In early October there was a sudden interruption to the landscape and soundscape in the moors. The collapse of a ‘hatch’ diverting water from the river Itchen into the water meadow meant that emergency repair work had to be undertaken. A section of the path around the moor was closed so that work could be carried out safely and a fence was put across the path at the footbridge leading into the moors from the rugby fields and another across the wooden boardwalk over the reed beds just up from the Durngate entrance. This seclusion put the area beyond the fences out of sight and out of earshot.
But the fences also introduced their own acoustic elements into the soundscape. I was not allowed into the secluded area of moors to record the replacement of the ‘hatch’, but I noticed how the autumn leaves falling upon the fence and the vibrations of people walking over the footbridge, which had a fence panel attached to it, had their own sonic consequence. Too small to record through the vibrations of air, I attached my contact microphones to record the vibrations of the fence directly. The metal fence acted as a form of echo chamber, the sound squared and dispersed across the wire mesh. The steps of people walking over the footbridge grew in scale: huge footfalls absorbed within the cathedral acoustics of the resonant mesh.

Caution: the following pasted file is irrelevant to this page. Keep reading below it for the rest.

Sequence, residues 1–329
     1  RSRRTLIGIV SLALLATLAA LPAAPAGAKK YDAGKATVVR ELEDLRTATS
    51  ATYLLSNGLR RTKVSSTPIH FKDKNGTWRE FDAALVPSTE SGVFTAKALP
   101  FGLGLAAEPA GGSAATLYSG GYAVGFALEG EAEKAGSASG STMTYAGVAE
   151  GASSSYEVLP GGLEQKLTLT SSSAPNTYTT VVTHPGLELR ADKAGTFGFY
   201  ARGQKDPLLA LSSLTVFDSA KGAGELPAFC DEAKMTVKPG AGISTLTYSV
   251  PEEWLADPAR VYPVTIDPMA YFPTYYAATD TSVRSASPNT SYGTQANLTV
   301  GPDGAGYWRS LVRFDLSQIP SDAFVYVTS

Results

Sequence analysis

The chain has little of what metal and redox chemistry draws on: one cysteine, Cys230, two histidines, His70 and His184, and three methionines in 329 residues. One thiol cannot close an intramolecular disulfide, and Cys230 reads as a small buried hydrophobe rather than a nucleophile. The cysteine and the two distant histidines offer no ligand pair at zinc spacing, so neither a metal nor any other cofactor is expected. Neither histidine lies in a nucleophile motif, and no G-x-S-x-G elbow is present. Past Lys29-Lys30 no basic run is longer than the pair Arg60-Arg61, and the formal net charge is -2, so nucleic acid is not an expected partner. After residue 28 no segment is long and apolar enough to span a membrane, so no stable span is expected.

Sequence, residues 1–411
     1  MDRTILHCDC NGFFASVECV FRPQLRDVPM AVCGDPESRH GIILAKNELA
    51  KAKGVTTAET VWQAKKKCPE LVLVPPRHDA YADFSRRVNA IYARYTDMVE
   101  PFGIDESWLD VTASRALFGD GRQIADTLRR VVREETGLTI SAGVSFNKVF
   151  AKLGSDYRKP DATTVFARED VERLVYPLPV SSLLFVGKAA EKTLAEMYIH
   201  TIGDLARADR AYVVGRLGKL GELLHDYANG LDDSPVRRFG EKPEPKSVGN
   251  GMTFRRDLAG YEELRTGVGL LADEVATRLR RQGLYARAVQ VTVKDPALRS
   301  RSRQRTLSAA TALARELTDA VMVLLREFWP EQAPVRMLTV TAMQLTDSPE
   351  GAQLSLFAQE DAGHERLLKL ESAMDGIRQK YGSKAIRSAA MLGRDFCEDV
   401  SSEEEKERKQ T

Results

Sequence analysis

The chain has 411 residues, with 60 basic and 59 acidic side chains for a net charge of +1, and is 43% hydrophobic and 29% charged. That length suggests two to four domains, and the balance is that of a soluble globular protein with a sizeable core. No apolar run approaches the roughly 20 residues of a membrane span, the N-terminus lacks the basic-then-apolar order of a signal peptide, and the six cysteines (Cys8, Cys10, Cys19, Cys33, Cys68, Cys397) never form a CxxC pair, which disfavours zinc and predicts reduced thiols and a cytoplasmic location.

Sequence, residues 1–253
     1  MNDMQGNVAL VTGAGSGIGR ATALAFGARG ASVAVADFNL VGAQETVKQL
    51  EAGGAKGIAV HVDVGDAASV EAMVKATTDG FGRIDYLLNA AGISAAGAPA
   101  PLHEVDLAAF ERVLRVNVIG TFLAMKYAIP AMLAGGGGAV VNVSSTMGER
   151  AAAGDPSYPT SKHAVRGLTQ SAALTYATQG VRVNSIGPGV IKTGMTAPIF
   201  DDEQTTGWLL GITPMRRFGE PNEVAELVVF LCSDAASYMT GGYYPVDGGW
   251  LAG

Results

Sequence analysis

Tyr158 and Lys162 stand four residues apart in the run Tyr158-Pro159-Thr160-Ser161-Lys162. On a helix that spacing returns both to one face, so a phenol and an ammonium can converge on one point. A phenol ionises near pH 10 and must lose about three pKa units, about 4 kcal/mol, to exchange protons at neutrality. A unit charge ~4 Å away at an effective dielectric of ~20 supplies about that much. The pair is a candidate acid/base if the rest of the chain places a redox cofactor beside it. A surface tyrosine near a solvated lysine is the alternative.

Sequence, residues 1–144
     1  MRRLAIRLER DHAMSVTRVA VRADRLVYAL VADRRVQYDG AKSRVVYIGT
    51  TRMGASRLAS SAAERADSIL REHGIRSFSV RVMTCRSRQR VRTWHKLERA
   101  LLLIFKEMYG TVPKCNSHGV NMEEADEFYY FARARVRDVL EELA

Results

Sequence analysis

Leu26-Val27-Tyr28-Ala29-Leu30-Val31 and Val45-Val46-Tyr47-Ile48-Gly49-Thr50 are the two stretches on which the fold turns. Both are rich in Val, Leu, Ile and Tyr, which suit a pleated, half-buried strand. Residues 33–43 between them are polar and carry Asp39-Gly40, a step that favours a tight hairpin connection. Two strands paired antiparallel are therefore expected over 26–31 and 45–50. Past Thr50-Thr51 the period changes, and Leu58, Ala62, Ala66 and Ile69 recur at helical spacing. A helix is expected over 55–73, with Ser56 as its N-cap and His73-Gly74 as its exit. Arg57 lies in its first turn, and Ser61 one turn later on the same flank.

At the boardwalk, the fence hummed in response to the wind blowing through the mesh, whilst leaves dropped occasional metallic interruptions and branches scratched across the surface of an cacophonous intermittent drone.